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The History Of Herodotus Volume 1 of 2

Page: 150

32. About her death, as about the death of Smerdis, two different stories are told. The Hellenes say that Cambyses had matched a lion's cub in fight with a dog's whelp, and this wife of his was also a spectator of it; and when the whelp was being overcome, another whelp, its brother, broke its chain and came to help it; and having become two instead of one, the whelps then got the better of the cub: and Cambyses was pleased at the sight, but she sitting by him began to weep; and Cambyses perceived it and asked wherefore she wept; and she said that she had wept when she saw that the whelp had come to the assistance of its brother, because she remembered Smerdis and perceived that there was no one who would come to his 25 assistance. The Hellenes say that it was for this saying that she was killed by Cambyses: but the Egyptians say that as they were sitting round at table, the wife took a lettuce and pulled off the leaves all round, and then asked her husband whether the lettuce was fairer when thus plucked round or when covered with leaves, and he said "when covered with leaves": she then spoke thus: "Nevertheless thou didst once produce the likeness of this lettuce, when thou didst strip bare the house of Cyrus." And he moved to anger leapt upon her, being with child, and she miscarried and died.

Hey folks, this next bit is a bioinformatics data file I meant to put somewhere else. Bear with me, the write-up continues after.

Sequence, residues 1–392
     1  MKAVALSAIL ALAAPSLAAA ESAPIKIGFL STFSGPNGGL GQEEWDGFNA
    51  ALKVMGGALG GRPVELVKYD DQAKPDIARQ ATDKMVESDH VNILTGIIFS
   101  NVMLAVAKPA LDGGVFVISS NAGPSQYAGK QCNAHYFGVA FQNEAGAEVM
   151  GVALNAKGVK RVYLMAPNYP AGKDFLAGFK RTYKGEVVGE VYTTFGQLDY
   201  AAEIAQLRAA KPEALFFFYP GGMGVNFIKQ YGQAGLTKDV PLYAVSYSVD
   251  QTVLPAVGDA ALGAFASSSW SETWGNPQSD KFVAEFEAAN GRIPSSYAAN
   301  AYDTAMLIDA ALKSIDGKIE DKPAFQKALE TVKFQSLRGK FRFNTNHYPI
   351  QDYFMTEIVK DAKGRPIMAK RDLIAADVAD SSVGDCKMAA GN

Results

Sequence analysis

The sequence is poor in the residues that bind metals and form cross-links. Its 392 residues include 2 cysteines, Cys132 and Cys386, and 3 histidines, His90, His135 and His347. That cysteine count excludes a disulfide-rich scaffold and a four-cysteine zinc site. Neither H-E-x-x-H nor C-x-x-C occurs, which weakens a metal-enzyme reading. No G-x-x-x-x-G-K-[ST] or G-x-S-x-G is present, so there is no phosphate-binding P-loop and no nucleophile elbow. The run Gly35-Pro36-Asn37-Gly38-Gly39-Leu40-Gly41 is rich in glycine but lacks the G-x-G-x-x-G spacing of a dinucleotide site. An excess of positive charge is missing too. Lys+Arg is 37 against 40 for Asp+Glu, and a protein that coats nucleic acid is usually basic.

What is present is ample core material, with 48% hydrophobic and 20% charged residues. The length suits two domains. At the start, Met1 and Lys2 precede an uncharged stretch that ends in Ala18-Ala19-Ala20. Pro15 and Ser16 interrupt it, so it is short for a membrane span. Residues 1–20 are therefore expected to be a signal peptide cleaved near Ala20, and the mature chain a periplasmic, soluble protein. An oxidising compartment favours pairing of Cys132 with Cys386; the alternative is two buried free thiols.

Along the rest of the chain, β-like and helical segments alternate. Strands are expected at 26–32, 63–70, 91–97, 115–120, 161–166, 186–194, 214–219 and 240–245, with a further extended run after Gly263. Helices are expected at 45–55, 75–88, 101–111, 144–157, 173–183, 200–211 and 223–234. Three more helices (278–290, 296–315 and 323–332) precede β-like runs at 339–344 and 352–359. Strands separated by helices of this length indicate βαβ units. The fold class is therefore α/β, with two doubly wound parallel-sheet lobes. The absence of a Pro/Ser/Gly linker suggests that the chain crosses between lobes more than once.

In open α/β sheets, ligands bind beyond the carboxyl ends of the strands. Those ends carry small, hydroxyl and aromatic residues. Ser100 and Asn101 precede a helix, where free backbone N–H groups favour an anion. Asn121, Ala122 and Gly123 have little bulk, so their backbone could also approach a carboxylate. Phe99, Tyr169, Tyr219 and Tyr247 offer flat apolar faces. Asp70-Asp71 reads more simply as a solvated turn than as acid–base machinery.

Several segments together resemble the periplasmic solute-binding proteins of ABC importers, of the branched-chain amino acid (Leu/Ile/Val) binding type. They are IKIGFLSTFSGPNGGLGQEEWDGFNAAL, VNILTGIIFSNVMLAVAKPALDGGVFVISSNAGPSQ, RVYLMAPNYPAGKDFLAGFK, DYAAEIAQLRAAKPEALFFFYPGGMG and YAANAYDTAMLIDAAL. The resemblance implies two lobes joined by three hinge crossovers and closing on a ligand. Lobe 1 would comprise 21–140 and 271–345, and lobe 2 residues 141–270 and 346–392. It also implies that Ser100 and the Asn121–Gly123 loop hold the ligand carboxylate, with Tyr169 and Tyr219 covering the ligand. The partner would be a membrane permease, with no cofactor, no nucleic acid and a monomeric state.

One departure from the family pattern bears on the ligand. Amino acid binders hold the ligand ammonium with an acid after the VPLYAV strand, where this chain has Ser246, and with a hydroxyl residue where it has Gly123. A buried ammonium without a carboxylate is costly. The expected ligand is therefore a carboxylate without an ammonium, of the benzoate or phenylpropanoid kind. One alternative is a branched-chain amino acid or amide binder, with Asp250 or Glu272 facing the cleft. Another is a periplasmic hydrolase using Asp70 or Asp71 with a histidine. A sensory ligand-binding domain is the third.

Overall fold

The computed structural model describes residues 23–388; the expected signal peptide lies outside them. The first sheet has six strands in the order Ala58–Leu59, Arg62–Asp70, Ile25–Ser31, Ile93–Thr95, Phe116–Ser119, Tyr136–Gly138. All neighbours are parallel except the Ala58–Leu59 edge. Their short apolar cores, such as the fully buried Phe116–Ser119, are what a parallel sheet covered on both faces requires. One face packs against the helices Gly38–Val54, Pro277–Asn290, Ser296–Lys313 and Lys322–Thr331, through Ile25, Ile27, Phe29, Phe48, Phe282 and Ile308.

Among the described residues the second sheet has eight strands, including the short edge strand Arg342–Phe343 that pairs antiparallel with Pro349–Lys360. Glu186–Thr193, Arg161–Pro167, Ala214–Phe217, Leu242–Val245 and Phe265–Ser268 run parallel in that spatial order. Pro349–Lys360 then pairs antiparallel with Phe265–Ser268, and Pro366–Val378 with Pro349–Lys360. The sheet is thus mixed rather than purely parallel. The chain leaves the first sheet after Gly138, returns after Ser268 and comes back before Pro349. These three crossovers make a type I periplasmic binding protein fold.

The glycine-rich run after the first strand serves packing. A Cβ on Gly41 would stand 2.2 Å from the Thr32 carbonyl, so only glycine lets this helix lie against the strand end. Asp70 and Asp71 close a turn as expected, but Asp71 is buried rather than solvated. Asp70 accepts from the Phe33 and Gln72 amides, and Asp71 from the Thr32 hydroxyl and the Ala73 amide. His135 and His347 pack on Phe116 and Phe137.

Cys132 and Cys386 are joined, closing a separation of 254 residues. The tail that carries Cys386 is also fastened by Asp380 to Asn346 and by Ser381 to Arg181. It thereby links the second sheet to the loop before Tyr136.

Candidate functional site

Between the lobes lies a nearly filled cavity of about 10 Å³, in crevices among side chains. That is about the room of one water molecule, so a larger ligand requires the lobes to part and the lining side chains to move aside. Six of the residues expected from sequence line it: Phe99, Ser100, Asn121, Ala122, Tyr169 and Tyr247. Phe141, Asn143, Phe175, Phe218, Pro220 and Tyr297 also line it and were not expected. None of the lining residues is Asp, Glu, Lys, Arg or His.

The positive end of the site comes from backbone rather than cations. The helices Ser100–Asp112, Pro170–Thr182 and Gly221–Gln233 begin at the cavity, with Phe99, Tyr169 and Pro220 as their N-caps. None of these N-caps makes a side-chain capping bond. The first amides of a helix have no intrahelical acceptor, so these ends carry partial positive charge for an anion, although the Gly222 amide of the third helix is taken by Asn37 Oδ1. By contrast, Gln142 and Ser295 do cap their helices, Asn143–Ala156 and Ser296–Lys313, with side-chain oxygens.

33. These were the acts of madness done by Cambyses towards those of his own family, whether the madness was produced really on account of Apis or from some other cause, as many ills are wont to seize upon men; for it is said moreover that Cambyses had from his birth a certain grievous malady, that which is called by some the "sacred" disease: 26 and it was certainly nothing strange that when the body was suffering from a grievous malady, the mind should not be sound either.

34. The following also are acts of madness which he did to the other Persians:—To Prexaspes, the man whom he honoured most and who used to bear his messages 2601 (his son also was cup-bearer to Cambyses, and this too was no small honour),—to him it is said that he spoke as follows: "Prexaspes, what kind of a man do the Persians esteem me to be, and what speech do they hold concerning me?" and he said: "Master, in all other respects thou art greatly commended, but they say that thou art overmuch given to love of wine." Thus he spoke concerning the Persians; and upon that Cambyses was roused to anger, and answered thus: "It appears then that the Persians say I am given to wine, and that therefore I am beside myself and not in my right mind; and their former speech then was not sincere." For before this time, it seems, when the Persians and Croesus were sitting with him in council, Cambyses asked what kind of a man they thought he was as compared with his father Cyrus; 27 and they answered that he was better than his father, for he not only possessed all that his father had possessed, but also in addition to this had acquired Egypt and the Sea. Thus the Persians spoke; but Croesus, who was present and was not satisfied with their judgment, spoke thus to Cambyses: "To me, O son of Cyrus, thou dost not appear to be equal to thy father, for not yet hast thou a son such as he left behind him in you." Hearing this Cambyses was pleased, and commended the judgment of Croesus.


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